“… Despite the centrality of pensions in debates over government budgeting and education policy, the NCES dramatically underestimates pension costs in its official education spending figures. States report to the NCES only the yearly contributions to teacher pension funds rather than the present value of accrued benefits. Since governments routinely contribute less than is needed to cover future pension benefits, correcting this accounting problem could add tens of billions of dollars to official education spending estimates—somewhere around $900 to $1,000 per pupil in ongoing year-to-year costs, plus roughly $700 to $800 per pupil in annual debt service. The NCES should join other federal agencies in measuring the cost of pensions with actual risk-adjusted pension liabilities rather than annual contributions. …”
“Governor, this wasn’t a referendum about education alone, it was a referendum about you and the legislature violating our state Constitution and eliminating our voice and oversight concerning the education of our children through our properly elected official!”
Galaxy Collisions: Simulation vs Observations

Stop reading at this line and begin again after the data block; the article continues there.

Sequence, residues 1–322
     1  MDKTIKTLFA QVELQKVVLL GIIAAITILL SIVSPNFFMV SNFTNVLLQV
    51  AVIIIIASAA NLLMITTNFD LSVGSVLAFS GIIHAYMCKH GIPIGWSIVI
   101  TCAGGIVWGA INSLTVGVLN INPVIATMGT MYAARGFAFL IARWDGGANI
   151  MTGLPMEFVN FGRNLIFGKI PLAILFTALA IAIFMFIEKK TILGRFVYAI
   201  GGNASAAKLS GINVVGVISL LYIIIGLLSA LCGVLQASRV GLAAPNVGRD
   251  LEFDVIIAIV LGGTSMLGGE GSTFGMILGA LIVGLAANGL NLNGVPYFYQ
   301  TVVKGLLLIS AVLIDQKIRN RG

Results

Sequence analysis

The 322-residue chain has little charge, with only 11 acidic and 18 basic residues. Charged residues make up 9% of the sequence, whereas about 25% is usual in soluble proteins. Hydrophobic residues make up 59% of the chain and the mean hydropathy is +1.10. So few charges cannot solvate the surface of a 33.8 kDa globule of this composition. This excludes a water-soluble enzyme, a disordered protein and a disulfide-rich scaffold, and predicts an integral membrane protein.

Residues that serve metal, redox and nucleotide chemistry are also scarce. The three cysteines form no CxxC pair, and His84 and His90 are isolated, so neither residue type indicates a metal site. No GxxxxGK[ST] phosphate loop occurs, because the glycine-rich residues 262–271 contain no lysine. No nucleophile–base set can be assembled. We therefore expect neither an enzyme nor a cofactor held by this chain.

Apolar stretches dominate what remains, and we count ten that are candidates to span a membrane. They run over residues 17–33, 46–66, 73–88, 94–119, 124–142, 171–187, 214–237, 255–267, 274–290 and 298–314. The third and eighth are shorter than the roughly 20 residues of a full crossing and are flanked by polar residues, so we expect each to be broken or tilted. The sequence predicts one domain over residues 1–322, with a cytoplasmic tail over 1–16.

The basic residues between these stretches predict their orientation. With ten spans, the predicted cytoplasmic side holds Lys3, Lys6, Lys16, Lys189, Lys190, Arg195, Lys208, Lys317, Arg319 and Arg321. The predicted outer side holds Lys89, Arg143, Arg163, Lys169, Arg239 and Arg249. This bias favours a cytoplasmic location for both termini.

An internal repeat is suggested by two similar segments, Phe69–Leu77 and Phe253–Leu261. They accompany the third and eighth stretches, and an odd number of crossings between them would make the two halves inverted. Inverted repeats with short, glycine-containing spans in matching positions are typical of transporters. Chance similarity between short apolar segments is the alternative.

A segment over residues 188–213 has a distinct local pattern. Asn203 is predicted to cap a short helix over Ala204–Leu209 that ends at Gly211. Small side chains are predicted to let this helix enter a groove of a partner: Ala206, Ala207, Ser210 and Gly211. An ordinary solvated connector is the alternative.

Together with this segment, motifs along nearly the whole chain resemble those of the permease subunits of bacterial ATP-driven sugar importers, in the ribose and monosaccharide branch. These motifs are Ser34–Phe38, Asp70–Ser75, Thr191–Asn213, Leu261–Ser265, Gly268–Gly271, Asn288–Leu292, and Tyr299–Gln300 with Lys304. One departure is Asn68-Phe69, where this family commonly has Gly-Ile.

Images Credit: NASA, ESA; Visualization: Frank Summers (STScI); Simulation: Chris Mihos (CWRU) & Lars Hernquist (Harvard).
Explanation: What happens when two galaxies collide? Although it may take over a billion years, such titanic clashes are quite common. Since galaxies are mostly empty space, no internal stars are likely to themselves collide. Rather the gravitation of each galaxy will distort or destroy the other galaxy, and the galaxies may eventually merge to form a single larger galaxy. Expansive gas and dust clouds collide and trigger waves of star formation that complete even during the interaction process. Pictured above is a computer simulation of two large spiral galaxies colliding, interspersed with real still images taken by the Hubble Space Telescope. Our own Milky Way Galaxy has absorbed several smaller galaxies during its existence and is even projected to merge with the larger neighboring Andromeda galaxy in a few billion years.
Here’s a neat method for saving money on AA 1.5 volt batteries. Takes a little effort, but depending on how many of these batteries you use, you could save a lot. Watch the video.